A robot petting zoo, complete with a flying robo-bird, plus the world's lightest material and an algorithmic dance-off
By Becky FerreiraPosted 06.05.2012 at 5:51 pm 5 Comments
MetroTech Plaza in Brooklyn was packed with science and technology enthusiasts on Saturday, eager to see the sights of the World Science Festival's Innovation Square. The day-long collection of exhibits, performances, lectures and games was designed to be a "technophile's adventureland," and didn't disappoint. We stopped by to check out the robot petting zoo, see some robots play soccer, and enjoy computer-based dance choreography.
An unearthly demonstration of the eternal feud between superconductivity and magnetism
By Becky FerreiraPosted 06.04.2012 at 5:31 pm 6 Comments
Enthusiastic crowds jostled to get a better view of the quantum levitation display at Innovation Square on Saturday, a day-long celebration of science held at MetroTech Plaza in Brooklyn as part of the World Science Festival. Run by Boaz Almog, an inventor and physicist at Tel Aviv University, it was the first public demonstration of its kind in the U.S. and by far one of the most popular events at the Square. Almog carefully dunked puck-sized discs into jars of liquid nitrogen and allowed onlookers to nudge them into hovering orbits. To the touch, the disc felt like a rough piece of ice.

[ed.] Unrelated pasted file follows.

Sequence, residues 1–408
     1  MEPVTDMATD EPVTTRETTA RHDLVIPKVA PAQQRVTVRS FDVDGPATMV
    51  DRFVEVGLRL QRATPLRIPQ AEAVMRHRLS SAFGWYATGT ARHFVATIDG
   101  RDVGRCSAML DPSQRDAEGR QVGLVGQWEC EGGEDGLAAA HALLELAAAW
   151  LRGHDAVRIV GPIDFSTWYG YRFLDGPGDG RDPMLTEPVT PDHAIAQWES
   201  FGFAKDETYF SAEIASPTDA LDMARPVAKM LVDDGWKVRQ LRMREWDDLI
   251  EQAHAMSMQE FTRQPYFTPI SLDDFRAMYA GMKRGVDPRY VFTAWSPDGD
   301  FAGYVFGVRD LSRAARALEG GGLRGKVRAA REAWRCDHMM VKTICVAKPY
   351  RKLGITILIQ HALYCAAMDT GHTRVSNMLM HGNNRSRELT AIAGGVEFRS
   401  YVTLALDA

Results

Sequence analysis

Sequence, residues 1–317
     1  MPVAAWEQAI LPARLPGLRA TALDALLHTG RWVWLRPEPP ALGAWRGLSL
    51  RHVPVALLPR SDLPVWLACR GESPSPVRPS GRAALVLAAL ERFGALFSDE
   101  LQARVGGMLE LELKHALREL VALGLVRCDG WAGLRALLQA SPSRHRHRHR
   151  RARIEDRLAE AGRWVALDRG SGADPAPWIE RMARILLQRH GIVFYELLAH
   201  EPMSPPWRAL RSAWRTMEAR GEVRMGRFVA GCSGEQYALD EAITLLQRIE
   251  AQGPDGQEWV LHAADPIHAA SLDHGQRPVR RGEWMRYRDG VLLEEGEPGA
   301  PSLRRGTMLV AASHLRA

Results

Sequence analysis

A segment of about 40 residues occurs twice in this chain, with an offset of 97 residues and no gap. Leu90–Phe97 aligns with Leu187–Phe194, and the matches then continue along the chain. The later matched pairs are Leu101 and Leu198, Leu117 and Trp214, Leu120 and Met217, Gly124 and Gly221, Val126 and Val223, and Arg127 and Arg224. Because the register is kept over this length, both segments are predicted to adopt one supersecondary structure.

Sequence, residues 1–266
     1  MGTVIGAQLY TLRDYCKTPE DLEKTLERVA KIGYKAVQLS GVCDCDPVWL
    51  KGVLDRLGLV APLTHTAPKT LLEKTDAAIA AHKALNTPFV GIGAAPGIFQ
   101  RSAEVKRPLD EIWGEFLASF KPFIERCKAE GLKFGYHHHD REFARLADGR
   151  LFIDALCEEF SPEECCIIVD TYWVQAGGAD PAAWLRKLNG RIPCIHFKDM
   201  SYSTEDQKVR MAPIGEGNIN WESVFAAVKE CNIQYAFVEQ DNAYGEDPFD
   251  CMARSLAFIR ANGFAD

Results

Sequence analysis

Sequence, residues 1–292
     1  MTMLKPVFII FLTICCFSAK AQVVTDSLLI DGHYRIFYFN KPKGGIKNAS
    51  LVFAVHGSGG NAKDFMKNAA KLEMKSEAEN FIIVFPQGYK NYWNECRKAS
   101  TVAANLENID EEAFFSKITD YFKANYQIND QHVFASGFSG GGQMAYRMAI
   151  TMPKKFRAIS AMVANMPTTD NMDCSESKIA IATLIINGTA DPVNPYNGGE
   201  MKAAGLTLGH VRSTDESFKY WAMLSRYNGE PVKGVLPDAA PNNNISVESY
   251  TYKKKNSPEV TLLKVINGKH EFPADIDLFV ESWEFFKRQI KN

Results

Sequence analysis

Tonight at the World Science Festival, starting at 8PM EST, Lawrence M. Krauss, John C. Mather, Amber Miller, Lyman Page, and David Spergel will be discussing the birth of the universe. Popular Science's own senior editor and beer supertaster Martha Harbison will be Twitter-moderating from the @PopSci account, and since the WSF is webcasting the talk for free, you can follow along with both her and the discussion at the same time. Might we also recommend this PopSci Buzzword Bingo game? Get five climate-change buzzwords in a row, and you win (but we all lose.). Watch it here.
Neuroscientists are already able to read some basic thoughts, like whether an individual test subject is looking at a picture of a cat or an image with a specific left or right orientation. They can even read pictures that you're simply imagining in your mind's eye. Even leaders in the field are shocked by how far we've come in our ability to peer into people's minds. Will brain scans of the future be able to tell if a person is lying or telling the truth?
Will future brain imaging allow scientists to read your mind? What does "nothing" really mean, and what is time? Does free will exist? Has intelligence evolved in parallel amongst many species, or is it unique to humans? These are just a few of the topics that will be tackled over the next four days at the second annual World Science Festival. The festival brings together an impressive list of participants: E.O. Wilson, Oliver Sacks, Alan Alda, Glenn Close, Yo-Yo Ma, and Dean Kamen, to name a few. The crème de la crème of the scientific community (including a number of Nobel Laureates), performing and visual artists, innovators in business, and policy-makers will engage in a public discussion about science and encourage scientific discovery and education.